Veteran’s Day: asking ourselves what it must have been like to live through…

The same thing happens whenever we attempt, incredulously, to peer into the past, asking ourselves what it must have been like to live through World War Two, the Holocaust, or during Stalin’s purges, the years of the greatest terror, and it seems impossible, inconceivable, to survive even an hour in such a nightmare—but for those who weren’t that day’s direct victims of persecution, there was always more reality, always some kind of weather, they were either hungry or well fed, a dog was barking somewhere, a plane flew overhead, Mother was making pierogi in the kitchen, you had to think about buying winter boots, making the soup … They went for walks in the park, they forgot for a moment. They were in love, happily or otherwise, they read Madame Bovary or some other nineteenth-century novel, the radio played a Schubert sonata. Anyone who spent his or her childhood in Stalin’s Poland will remember the scent of the first spring pussy willows and the stammering priest who taught catechism in a cramped parish hall smelling of floor polish better than the gigantic portraits of leaders floating awkwardly, flapping over the May Day Parade. Even the fear that paralyzed so many in its time evaporates as the years pass, becomes difficult to imagine. Especially fear, fear, which is like a migraine—it disappears and leaves no trace. Although it may leave scars upon the soul.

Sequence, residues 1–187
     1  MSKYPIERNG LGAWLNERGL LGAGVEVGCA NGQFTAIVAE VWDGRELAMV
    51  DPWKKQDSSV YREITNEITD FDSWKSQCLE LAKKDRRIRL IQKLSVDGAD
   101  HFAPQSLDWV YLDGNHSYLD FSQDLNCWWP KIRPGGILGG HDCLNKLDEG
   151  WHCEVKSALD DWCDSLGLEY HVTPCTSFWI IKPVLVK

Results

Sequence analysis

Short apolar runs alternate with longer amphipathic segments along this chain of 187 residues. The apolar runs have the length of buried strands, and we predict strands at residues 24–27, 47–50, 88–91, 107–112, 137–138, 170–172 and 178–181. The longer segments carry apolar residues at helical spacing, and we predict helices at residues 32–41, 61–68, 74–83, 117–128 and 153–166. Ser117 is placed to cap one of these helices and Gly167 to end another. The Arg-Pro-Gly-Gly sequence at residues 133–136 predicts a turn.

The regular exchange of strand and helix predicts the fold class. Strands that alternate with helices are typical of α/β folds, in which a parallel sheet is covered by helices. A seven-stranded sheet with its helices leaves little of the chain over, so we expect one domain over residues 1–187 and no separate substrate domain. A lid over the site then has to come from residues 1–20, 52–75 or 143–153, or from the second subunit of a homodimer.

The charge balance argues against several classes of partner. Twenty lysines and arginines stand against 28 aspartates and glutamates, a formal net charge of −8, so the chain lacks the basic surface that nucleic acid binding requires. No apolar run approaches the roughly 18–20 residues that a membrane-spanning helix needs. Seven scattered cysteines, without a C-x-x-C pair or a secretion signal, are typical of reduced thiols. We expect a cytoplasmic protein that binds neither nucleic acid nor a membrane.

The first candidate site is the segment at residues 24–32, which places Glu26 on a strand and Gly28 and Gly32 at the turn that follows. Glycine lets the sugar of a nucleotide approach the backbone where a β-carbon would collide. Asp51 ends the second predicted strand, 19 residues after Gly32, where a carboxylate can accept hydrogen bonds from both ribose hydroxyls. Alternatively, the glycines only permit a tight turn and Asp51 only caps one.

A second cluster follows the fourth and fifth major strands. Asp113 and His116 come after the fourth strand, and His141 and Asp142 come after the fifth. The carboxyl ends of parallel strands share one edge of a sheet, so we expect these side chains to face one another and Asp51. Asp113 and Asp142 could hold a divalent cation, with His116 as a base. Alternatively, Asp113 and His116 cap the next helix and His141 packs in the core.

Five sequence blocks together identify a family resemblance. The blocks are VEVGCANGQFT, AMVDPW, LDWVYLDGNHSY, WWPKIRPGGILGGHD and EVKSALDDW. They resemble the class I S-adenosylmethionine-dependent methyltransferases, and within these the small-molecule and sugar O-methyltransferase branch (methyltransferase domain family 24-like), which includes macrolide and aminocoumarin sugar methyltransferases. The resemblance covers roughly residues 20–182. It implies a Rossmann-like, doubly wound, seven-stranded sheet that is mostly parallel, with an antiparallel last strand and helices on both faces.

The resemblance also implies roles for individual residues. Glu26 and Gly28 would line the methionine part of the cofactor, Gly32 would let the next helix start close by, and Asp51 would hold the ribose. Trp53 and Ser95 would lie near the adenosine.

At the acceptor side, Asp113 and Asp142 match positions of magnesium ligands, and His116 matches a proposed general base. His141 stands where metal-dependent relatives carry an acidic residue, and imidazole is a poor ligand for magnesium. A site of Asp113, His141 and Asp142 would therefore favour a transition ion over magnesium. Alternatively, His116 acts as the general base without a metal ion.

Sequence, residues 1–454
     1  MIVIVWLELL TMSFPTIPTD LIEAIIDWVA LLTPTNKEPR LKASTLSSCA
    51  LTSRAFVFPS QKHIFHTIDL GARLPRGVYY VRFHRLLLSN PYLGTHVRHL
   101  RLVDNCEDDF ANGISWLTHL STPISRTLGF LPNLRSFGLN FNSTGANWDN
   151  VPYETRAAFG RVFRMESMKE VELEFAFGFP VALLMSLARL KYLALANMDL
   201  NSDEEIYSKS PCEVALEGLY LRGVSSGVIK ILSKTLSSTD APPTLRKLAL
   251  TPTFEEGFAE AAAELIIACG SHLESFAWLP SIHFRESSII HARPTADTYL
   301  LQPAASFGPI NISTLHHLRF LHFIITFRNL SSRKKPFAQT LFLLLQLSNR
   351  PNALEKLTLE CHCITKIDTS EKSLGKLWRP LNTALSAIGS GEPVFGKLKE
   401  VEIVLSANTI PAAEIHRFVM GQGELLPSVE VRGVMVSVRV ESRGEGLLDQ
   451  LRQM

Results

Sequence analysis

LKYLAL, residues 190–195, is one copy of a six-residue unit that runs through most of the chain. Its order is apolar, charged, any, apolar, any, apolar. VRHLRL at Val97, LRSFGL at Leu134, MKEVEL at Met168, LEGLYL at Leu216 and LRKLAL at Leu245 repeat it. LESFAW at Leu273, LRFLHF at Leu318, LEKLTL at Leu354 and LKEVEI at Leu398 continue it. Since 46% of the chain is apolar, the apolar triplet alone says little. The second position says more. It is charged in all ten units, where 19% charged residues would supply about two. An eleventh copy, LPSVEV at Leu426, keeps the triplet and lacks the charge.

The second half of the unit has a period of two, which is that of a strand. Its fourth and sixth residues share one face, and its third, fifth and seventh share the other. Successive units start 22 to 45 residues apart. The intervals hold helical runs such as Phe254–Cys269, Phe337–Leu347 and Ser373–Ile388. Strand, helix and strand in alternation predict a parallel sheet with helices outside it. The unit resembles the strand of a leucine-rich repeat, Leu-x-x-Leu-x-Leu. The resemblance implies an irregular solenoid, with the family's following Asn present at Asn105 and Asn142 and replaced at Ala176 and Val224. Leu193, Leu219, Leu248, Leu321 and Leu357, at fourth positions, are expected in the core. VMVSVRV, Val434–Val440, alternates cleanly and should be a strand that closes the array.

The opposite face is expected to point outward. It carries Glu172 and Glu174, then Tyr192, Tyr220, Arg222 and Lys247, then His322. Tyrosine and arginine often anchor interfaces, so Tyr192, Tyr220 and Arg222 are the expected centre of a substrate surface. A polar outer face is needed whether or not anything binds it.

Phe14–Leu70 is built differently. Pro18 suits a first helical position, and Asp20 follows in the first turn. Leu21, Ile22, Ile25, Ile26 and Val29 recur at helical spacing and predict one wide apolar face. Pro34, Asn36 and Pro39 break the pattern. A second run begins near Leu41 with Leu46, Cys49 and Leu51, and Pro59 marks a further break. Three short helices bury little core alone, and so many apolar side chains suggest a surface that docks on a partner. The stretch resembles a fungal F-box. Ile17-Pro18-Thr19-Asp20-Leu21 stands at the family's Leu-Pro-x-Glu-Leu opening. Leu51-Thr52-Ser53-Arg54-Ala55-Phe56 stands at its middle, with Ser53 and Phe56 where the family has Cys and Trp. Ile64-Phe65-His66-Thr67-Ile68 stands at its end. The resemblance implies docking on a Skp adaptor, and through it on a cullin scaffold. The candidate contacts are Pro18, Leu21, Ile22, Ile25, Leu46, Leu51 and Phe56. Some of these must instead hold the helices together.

Notes:

  • Post Inspiration: In honor of all who served.
  • Photo: Daily Mail – “My hero big brother: Heart-wrenching moment a soldier’s grieving sister collapses in front of his grave at Arlington Cemetery”
  • Related Posts: Adam Zagajewski

5:00 P.M. Bell!


via Momentary Mood

Before you leave

Josh Farrow is an Illinois-born kid who played punk rock music as a teenager, eventually headed to Nashville in his early 20s to chase after his future wife — pulling triple-duty as lead singer, songwriter and ringleader.  He is inspired by the New Orleans funk of Allen Touissant and the Chicago blues of his hometown — chasing down success on his own terms, bringing with him a sound that’s smoky, soulful, and signature.

“Before You Leave,” was a finalist in the John Lennon Songwriting Competition.  

This old house feels empty
There’s nothing I can hear
But the sad and silent echo
Of better years

I feel something breathe
In this dead and hollow room